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. Last Updated: 07/27/2016

Kyrgyz Leader Vows to Press Ahead on Political Reforms

BISHKEK, Kyrgyzstan -- Kyrgyz leader Kurmanbek Bakiyev, accused by opponents of backtracking on democracy, on Wednesday vowed to press ahead with constitutional reform in an apparent bid to end months of bickering with the opposition.

Opposition groups have threatened to hold rallies next month if Bakiyev, who came to power after a coup last year, failed to prove his commitment to democracy and constitutional reform that would curb presidential powers.

Bakiyev said the "question of constitutional reform will be solved by the end of the year."

"[The] parliament and I should come to consensus on the final draft of the new constitution in November," he said in a statement issued by his press service.

Kyrgyzstan has been buffeted by instability since the coup that ousted Askar Akayev in 2005.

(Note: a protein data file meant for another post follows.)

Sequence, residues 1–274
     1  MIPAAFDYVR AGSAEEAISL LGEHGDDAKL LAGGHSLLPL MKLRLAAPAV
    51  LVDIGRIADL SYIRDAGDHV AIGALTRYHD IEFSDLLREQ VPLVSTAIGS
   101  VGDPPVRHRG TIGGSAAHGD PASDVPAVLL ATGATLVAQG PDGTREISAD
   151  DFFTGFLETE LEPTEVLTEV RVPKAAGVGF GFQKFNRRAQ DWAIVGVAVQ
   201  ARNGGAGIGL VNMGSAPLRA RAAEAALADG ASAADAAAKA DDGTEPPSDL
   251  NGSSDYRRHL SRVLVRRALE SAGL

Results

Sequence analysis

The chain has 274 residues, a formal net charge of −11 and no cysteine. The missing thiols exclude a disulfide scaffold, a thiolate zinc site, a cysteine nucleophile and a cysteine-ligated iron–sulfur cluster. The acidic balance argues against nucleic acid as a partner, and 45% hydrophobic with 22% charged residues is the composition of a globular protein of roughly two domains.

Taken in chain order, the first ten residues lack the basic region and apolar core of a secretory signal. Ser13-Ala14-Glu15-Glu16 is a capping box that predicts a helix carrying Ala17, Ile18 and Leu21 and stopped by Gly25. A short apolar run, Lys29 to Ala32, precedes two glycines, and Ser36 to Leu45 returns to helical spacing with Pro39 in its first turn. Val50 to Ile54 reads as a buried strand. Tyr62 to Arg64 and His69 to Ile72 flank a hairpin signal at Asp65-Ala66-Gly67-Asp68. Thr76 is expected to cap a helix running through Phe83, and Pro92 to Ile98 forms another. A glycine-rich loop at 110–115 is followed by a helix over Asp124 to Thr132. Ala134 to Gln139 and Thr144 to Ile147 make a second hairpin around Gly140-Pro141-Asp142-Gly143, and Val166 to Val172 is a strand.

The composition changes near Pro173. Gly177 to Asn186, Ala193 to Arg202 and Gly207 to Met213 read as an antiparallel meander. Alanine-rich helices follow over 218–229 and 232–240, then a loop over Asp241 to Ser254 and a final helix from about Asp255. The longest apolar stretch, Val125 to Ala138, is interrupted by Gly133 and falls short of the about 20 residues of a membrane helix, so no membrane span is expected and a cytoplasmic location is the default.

Bakiyev, hugely popular at the time of his election, has been deserted by his former allies, who accuse his government of having links to the criminal world and failing to bring stability.

Some of his fiercest critics are in the parliament, which is packed with former Akayev allies and has pressed Bakiyev to transfer some of his powers to them.

The office of the president has wide powers to dissolve the parliament and call elections while the legislature's ability to start impeachment proceedings are very limited. The president also appoints judges and regional governors.

Since Akayev fled the country, Bakiyev's government has stumbled from one crisis to another against a backdrop of rising violent crime and accusations of corruption and nepotism.